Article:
Theatre-goers were welcomed to The Cultch on opening night of Little Dickens: Daisy Theatre presents A Christmas Carol with a warning the show would run between ninety minutes and two hours, with no intermission. We were also told drinks would only be allowed in the auditorium in plastic cups to avoid any clinking noise. “It had better be good,” muttered a disgruntled first-timer, as she poured her wine into a plastic tumbler.
It was more than good. To borrow the vernacular consistently used throughout this marionette show, it was f…ing brilliant.
Some might deem the liberal use of the “F word” a flaw in an otherwise wonder-filled, faithful, if outrageous adaptation of Charles Dickens’s original text. Yet the audience obviously enjoyed yelling “F… off!” irreverently at a Halloween character nudging her way into this Christmas show. In contrast, they also enjoyed the “Jingle Bells” sing-along.
In this all-too-familiar Christmas tale, Burkett brings each Dickensian character to life with an imagination and wit approaching genius.
In this retelling of A Christmas Carol, Ebenezer Scrooge becomes Esme Scrooge, a self-centred, gin-riddled diva, with Jacob Marley as one of her chorus girl cronies. Nephew Fred is a tofurky-toting millennial musician begging a joke about the difference between a musician and a Canada Savings Bond that brings the house down.
There’s a downtrodden theatre manager, a Southern-drawling drama teacher, and a chinless British Major General. But the coup de grâce is the Ghost-of-Christmas-Yet-to-Come, when Burkett’s brilliant expertise at involving the audience comes into its own.
There are extraneous cameos too. Dolly the stripper highlights Burkett’s dexterity as he disrobes the puppet by degrees while she pumps, grinds and sings about Santa getting stuck in her chimney. Edna the homemaker unravels the personal life of an unsuspecting ‘volunteer’ as he helps with the audience rendition of “Deck the Halls“. Edna’s show-stopping Christmas tree outfit, complete with lights from the bobbing star on her head to the Naturalizer sandals on her feet, is wittily designed by Burkett and expertly built by Kim Crossley.
There’s even an appearance by the ‘Birthday Boy’ himself.
But it’s Schnitzel who steals the show, as Tiny Tim. His foreshadowed death, sorely mourned by his father, and Esme Scrooge’s own predicted death, sourly mourned by no one, finally transforms her; though not before she delivers a venomous diatribe about her outfit being over-shadowed by that f…ing Christmas tree get-up.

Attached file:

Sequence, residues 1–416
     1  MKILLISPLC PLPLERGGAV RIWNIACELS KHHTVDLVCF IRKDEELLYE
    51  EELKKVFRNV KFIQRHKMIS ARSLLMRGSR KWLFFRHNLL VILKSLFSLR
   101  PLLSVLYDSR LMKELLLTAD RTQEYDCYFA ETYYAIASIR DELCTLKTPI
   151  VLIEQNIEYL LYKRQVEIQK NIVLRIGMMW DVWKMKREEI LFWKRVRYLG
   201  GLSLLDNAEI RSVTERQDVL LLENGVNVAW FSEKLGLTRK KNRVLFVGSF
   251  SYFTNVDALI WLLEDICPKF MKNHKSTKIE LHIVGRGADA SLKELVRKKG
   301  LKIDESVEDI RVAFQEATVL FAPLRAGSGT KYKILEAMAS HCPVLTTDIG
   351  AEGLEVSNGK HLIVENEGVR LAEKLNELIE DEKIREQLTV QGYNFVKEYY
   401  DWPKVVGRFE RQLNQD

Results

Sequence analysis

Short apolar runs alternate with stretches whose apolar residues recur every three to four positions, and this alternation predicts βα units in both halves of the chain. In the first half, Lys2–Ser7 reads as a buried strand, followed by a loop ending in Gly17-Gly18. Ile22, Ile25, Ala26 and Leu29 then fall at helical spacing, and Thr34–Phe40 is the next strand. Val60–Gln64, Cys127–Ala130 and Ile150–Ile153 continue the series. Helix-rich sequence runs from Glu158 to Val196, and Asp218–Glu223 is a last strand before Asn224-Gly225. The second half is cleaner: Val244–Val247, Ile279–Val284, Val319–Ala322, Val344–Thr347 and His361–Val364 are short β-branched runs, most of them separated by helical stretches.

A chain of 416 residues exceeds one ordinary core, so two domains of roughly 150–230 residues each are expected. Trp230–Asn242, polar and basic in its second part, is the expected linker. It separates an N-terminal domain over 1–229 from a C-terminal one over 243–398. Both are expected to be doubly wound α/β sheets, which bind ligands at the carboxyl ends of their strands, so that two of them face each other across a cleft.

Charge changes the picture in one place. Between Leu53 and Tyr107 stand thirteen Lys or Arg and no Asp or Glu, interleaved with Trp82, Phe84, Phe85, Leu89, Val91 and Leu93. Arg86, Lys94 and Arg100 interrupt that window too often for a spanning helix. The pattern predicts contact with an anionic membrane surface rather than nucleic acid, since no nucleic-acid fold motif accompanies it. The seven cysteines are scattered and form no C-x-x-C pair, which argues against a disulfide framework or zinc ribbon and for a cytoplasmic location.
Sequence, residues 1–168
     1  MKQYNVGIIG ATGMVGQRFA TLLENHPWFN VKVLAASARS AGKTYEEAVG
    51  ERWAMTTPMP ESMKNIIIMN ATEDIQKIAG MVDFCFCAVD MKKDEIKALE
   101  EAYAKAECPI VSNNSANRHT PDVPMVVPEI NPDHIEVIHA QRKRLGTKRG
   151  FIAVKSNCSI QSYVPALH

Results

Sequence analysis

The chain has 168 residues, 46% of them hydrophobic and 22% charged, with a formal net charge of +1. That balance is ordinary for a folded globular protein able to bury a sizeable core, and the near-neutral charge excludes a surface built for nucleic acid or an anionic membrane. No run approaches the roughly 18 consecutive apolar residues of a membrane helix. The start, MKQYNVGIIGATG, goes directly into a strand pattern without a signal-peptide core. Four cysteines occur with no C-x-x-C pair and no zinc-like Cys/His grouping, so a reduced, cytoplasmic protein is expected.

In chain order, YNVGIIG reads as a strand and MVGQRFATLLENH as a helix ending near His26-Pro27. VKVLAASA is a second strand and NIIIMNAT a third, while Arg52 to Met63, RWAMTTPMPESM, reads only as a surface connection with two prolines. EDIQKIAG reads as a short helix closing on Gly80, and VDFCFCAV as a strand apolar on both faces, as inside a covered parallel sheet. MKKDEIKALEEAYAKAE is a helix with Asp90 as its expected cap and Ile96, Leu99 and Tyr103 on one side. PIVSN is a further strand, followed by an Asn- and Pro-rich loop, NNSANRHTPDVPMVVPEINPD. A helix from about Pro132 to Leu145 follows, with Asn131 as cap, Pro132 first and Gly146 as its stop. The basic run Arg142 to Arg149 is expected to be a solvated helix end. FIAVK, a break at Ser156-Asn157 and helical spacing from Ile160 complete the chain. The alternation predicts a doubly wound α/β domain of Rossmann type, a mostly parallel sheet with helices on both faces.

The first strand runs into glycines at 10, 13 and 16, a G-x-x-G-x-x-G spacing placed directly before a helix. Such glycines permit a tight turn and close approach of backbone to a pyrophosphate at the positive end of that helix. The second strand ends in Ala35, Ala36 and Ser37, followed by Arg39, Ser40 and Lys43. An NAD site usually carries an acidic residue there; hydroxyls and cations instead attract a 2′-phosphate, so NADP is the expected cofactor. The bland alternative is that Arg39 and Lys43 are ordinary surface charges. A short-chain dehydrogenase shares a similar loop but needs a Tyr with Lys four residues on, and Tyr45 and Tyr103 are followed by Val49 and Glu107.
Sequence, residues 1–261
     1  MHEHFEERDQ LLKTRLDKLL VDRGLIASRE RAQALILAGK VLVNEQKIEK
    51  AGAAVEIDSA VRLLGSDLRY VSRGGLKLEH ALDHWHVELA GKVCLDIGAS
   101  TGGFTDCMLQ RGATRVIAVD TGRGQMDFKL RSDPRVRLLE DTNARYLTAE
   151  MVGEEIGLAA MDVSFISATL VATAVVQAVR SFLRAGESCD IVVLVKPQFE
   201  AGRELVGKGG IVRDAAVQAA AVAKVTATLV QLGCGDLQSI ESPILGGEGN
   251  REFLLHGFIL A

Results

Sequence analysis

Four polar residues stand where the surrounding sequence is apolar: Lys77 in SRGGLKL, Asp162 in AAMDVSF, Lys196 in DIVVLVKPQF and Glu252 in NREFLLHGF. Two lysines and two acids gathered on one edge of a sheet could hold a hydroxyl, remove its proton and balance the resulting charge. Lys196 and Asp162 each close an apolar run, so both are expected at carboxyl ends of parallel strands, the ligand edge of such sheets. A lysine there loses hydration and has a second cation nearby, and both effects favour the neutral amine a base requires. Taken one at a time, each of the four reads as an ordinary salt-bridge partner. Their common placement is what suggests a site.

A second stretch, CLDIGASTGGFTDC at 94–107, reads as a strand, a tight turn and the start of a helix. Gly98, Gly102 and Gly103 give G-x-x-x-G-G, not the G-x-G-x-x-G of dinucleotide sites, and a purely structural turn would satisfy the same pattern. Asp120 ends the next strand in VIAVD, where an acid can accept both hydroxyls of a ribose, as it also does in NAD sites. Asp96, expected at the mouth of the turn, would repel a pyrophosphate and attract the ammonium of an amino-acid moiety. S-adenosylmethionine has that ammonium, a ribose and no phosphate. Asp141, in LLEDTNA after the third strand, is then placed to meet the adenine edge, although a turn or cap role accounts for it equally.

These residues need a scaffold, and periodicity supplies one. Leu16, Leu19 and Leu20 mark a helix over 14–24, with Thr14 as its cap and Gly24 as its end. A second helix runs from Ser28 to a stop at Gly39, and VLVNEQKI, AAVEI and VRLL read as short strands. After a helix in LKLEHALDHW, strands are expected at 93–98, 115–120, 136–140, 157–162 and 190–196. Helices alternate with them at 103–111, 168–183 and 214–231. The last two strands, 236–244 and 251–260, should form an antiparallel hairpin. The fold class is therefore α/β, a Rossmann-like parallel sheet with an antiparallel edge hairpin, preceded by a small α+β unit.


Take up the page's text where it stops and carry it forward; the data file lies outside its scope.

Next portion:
No one could have guessed that Burkett was fighting a cold and congestion on opening night had he not mentioned it. His broad vocal range and velvet resonance seamlessly transitioned in pitch and tone with each character. Even when his transitions weren’t seamless, he had the audience onside and in stitches.
He also confessed to stumbling with his storyline, admitting having written “f… all” down from last year’s production. Whenever he needed guidance to get back on track, his delightful exchanges with his stalwart stage manager/prompt Crystal Salverda further enhanced the fun-packed evening. Always on the ball, Salverda was quick with cues and never once let him down; small wonder she’s also his production manager and artistic associate.
Indeed Burkett’s talent extends to choosing a crew that is obviously in sync with his overall vision. The pre-recorded music, superbly arranged by John Alcorn, sounded as if the musicians were with him onstage. That’s discounting Eric James Ball’s fantastic festive pit band operated by another audience ‘volunteer’.
Schnitzel brings the performance, lasting 105 glorious minutes in this instance, to a moving close as he delivers Burkett’s version of Dickens’s Christmas message, ending with the eternal line, “God bless us, every one!” And blessed we certainly were.
Little Dickens: The Daisy Theatre presents A Christmas Carol created by Ronnie Burkett, produced by Ronnie Burkett Theatre of Marionettes and presented by The Cultch. On stage at The Cultch’s Historic Theatre (1895 Venables St, Vancouver) until December 22. Visit thecultch.com for tickets and information.